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    • I agree with you. They live, almost on another plane amidst our ‘urgent journeys and meetings’. There lives have neither.

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      • Absolutely – when in fact they are dealing with the most urgent issue of all – survival. Against that backdrop, the rest of us with our constrcuted definitions of ‘urgent’ don’t know the first thing about ‘urgency’….

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  9. Interesting take on pan handling but so much more too. I’ve wondered about myself sometimes, like I’ve been disconnected. Write on! Oh, and thanks for visiting my blog, I appreciate it.

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  10. “Yes, I’m a bum. But I’m a Harvard bum.”

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  11. Peter,
    your words, descriptions, and whatever’s melt inside my mind. Xxx

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  12. sharipratt says:

    The title is provocative and the article a strange journey. Like life.

    Like

  13. mothermi6 says:

    ‘Dishonest happiness’ seems to happen all the time, & doesn’t count if anyone is injured by it. Of course, I am a purist & believe that honesty to those we say we care about (or even don’t care about) does honour to ourselves.
    Evangeline

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    • Firstly, I absolutely agree with you about honesty and it is lovely to hear you say so forcibly. I am suggesting that any happiness bought through dishonesty is tarnished, and gradually gets destroyed over time. A bad conscience makes a poor sleeping companion

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  14. In some respects we are all “untamed bears” some just hide it better than others.

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  15. Purely.. Kay says:

    This line “celebrate the power granted me by embarrassment through perception ” is absolutely phenomenal and says so much. Love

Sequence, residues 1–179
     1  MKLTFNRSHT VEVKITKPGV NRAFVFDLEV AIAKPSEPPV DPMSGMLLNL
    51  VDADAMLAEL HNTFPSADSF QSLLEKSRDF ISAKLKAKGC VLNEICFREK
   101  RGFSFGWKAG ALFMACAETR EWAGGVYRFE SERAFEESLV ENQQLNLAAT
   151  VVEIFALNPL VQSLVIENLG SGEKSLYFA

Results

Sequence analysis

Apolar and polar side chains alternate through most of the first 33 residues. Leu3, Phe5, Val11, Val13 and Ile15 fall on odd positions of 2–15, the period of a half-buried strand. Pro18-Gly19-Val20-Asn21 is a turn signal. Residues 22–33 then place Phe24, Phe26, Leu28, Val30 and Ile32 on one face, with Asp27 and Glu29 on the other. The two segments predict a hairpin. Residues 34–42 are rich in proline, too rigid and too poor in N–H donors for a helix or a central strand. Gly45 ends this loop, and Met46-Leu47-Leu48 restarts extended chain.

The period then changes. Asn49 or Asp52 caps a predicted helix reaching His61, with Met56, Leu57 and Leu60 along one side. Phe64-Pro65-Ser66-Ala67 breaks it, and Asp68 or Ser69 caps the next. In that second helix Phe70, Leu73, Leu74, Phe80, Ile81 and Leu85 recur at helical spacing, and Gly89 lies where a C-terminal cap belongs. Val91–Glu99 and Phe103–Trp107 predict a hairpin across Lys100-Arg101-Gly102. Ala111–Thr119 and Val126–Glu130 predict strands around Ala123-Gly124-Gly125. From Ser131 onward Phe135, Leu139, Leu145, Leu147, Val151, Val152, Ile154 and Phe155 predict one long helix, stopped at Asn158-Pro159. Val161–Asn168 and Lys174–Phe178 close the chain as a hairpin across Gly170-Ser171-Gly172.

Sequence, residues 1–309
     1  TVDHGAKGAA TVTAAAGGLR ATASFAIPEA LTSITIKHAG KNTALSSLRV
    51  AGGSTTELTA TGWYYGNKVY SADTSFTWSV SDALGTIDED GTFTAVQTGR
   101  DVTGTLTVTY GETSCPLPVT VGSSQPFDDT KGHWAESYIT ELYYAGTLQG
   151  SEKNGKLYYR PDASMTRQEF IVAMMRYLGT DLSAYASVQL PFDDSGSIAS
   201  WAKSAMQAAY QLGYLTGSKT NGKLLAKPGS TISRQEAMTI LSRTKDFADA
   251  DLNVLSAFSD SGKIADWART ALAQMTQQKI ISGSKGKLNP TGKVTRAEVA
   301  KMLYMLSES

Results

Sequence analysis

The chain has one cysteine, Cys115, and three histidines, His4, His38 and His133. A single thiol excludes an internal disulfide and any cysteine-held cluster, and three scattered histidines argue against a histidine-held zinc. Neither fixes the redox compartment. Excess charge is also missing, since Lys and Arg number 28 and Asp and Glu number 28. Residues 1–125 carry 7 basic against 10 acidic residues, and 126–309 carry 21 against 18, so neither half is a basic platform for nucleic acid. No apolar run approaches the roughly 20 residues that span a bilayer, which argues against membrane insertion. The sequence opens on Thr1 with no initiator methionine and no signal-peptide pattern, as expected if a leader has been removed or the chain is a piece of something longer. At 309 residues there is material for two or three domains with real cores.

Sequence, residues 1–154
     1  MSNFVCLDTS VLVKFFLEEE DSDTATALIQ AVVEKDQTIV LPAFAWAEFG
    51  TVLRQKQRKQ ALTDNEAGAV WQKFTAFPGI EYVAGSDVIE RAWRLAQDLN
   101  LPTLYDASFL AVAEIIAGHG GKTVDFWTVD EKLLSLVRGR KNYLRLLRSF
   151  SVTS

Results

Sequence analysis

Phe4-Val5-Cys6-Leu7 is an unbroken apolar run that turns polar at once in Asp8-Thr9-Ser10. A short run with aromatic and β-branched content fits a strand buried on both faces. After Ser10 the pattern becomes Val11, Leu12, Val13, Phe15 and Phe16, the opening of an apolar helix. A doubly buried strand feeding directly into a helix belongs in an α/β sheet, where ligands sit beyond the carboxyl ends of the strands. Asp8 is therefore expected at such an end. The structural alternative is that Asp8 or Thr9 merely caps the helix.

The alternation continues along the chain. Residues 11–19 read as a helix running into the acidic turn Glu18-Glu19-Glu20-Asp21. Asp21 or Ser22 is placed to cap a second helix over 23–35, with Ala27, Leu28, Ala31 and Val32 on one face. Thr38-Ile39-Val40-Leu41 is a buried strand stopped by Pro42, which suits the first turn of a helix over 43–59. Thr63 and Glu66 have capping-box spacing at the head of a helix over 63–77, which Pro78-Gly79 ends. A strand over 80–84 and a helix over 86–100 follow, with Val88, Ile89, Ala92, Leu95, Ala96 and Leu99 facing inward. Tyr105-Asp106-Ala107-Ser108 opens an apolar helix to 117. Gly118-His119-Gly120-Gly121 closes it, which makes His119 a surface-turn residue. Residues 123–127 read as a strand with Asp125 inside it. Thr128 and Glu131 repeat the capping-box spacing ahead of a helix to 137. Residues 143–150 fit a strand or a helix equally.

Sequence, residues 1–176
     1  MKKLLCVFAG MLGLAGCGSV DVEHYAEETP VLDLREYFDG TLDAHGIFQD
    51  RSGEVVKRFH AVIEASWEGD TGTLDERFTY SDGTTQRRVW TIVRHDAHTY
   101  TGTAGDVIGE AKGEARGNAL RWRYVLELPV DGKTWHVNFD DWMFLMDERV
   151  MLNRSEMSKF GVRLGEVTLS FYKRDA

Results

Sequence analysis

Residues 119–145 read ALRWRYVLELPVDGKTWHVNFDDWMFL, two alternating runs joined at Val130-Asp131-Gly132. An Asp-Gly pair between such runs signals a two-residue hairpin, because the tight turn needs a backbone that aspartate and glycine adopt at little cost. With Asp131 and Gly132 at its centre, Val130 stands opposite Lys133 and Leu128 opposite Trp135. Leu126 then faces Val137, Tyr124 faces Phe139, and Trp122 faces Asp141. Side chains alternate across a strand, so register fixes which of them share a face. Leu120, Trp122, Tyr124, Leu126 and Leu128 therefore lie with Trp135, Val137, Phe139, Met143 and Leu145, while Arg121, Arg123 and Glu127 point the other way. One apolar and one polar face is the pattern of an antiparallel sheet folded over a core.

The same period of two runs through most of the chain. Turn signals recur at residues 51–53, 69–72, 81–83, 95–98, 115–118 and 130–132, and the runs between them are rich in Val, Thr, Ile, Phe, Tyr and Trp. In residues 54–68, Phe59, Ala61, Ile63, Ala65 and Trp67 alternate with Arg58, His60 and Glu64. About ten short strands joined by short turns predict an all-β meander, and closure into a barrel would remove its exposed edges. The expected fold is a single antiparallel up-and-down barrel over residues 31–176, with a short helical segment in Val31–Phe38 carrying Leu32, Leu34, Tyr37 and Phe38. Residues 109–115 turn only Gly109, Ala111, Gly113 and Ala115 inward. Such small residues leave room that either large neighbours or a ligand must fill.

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  16. barbara says:

    Sometimes I wonder if these are people who’ve wandered through your life, or if you just conjure them. Either way, they fascinate me!
    b

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  17. Another thought provoking insight as to what goes on in the minds of others. I was prompted to think how this individual had found himself in this place and who he had been in the past.

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  18. fabulous piece of writing!

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  19. I must say, I’ve never seen life through the eyes of a panhandler. This was fascinating.

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    • I glad you enjoyed it. It’s interesting to think of people who think and act in a rational manner but slightly off the path of normal if you follow me. They have parallel lives in some ways. Appreciate you’re commenting

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  20. 1WriteWay says:

    I love this line: “I smile again, and celebrate the power granted me by embarrassment through perception.” Clever, you 🙂

    Like

  21. nelle says:

    Reminds me of a song, however tenuous the connection… Living On A Thin Line by the Kinks.

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  22. A narrative poem is how I’m reading your work. Very good! And thanks for following my blog.

    Like

  23. araneus1 says:

    I too often ponder on my ‘level of sanity’.
    Nicely done.
    Terry

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  24. Ah, it’s good to be back! I’ve missed your eloquent tales during my internet holiday. Hope you’ve been well these last few months 😉

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  25. That’s very amusing. I wish i could ask these questions in lifts! How very much improved would the lives of waiters be, huh!

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    • I was amused by the idea of either asking some acute question or making a profound observation to a stranger. Too profound for him to be able to dismiss you as a nutcase, but intrusive enough to make him uncomfortable. The fact that you ask for money as well is the final killer poor chap.

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  26. I think standing on the opposite side of where we are normally is a very good way of removing any judgmental attitudes and open us up to other perspectives. That is why I think we are as blessed as cursed to be writers – there are so many less right or wrong answers. Once again your writing is real and thought-provoking … but also from the heart. Diane